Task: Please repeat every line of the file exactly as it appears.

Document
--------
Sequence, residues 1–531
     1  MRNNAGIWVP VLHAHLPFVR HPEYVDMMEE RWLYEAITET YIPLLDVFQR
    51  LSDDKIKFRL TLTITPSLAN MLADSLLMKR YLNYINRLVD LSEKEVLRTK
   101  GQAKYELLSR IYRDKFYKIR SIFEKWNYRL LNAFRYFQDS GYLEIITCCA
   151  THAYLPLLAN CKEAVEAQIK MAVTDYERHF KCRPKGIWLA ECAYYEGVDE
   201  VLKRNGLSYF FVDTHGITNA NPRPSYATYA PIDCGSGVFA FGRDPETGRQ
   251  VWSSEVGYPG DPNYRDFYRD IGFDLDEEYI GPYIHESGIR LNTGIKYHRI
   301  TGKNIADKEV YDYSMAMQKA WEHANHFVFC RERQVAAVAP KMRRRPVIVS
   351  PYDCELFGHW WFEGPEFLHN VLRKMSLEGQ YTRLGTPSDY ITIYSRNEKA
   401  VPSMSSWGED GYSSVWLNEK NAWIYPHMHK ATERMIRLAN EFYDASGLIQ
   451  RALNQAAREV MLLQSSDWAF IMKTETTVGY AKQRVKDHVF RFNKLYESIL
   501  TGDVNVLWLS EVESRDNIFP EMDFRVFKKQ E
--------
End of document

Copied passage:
Sequence, residues 1–531
     1  MRNNAGIWVP VLHAHLPFVR HPEYVDMMEE RWLYEAITET YIPLLDVFQR
    51  LSDDKIKFRL TLTITPSLAN MLADSLLMKR YLNYINRLVD LSEKEVLRTK
   101  GQAKYELLSR IYRDKFYKIR SIFEKWNYRL LNAFRYFQDS GYLEIITCCA
   151  THAYLPLLAN CKEAVEAQIK MAVTDYERHF KCRPKGIWLA ECAYYEGVDE
   201  VLKRNGLSYF FVDTHGITNA NPRPSYATYA PIDCGSGVFA FGRDPETGRQ
   251  VWSSEVGYPG DPNYRDFYRD IGFDLDEEYI GPYIHESGIR LNTGIKYHRI
   301  TGKNIADKEV YDYSMAMQKA WEHANHFVFC RERQVAAVAP KMRRRPVIVS
   351  PYDCELFGHW WFEGPEFLHN VLRKMSLEGQ YTRLGTPSDY ITIYSRNEKA
   401  VPSMSSWGED GYSSVWLNEK NAWIYPHMHK ATERMIRLAN EFYDASGLIQ
   451  RALNQAAREV MLLQSSDWAF IMKTETTVGY AKQRVKDHVF RFNKLYESIL
   501  TGDVNVLWLS EVESRDNIFP EMDFRVFKKQ E